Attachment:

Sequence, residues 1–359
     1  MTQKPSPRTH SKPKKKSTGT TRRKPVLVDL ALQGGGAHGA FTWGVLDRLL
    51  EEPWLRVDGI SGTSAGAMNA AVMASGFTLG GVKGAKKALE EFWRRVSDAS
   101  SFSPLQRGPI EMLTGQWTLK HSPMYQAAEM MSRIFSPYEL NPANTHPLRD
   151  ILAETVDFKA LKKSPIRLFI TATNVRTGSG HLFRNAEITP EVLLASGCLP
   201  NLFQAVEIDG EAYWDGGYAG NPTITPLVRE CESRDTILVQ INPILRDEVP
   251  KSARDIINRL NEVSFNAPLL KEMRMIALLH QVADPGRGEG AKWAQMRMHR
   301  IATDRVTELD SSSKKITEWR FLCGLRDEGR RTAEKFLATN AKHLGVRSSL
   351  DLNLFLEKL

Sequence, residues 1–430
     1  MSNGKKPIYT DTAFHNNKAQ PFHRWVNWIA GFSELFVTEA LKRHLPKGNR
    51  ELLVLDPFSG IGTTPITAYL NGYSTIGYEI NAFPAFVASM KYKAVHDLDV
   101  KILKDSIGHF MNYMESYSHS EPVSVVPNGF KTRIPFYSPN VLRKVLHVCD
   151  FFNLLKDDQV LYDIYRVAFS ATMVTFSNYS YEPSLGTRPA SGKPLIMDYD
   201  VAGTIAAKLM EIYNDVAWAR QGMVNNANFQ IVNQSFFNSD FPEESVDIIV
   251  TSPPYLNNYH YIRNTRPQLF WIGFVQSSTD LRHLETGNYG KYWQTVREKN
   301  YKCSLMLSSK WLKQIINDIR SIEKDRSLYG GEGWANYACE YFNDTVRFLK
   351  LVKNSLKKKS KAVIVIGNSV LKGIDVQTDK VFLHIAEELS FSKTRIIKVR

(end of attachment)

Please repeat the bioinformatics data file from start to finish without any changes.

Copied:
Sequence, residues 1–359
     1  MTQKPSPRTH SKPKKKSTGT TRRKPVLVDL ALQGGGAHGA FTWGVLDRLL
    51  EEPWLRVDGI SGTSAGAMNA AVMASGFTLG GVKGAKKALE EFWRRVSDAS
   101  SFSPLQRGPI EMLTGQWTLK HSPMYQAAEM MSRIFSPYEL NPANTHPLRD
   151  ILAETVDFKA LKKSPIRLFI TATNVRTGSG HLFRNAEITP EVLLASGCLP
   201  NLFQAVEIDG EAYWDGGYAG NPTITPLVRE CESRDTILVQ INPILRDEVP
   251  KSARDIINRL NEVSFNAPLL KEMRMIALLH QVADPGRGEG AKWAQMRMHR
   301  IATDRVTELD SSSKKITEWR FLCGLRDEGR RTAEKFLATN AKHLGVRSSL
   351  DLNLFLEKL

Sequence, residues 1–430
     1  MSNGKKPIYT DTAFHNNKAQ PFHRWVNWIA GFSELFVTEA LKRHLPKGNR
    51  ELLVLDPFSG IGTTPITAYL NGYSTIGYEI NAFPAFVASM KYKAVHDLDV
   101  KILKDSIGHF MNYMESYSHS EPVSVVPNGF KTRIPFYSPN VLRKVLHVCD
   151  FFNLLKDDQV LYDIYRVAFS ATMVTFSNYS YEPSLGTRPA SGKPLIMDYD
   201  VAGTIAAKLM EIYNDVAWAR QGMVNNANFQ IVNQSFFNSD FPEESVDIIV
   251  TSPPYLNNYH YIRNTRPQLF WIGFVQSSTD LRHLETGNYG KYWQTVREKN
   301  YKCSLMLSSK WLKQIINDIR SIEKDRSLYG GEGWANYACE YFNDTVRFLK
   351  LVKNSLKKKS KAVIVIGNSV LKGIDVQTDK VFLHIAEELS FSKTRIIKVR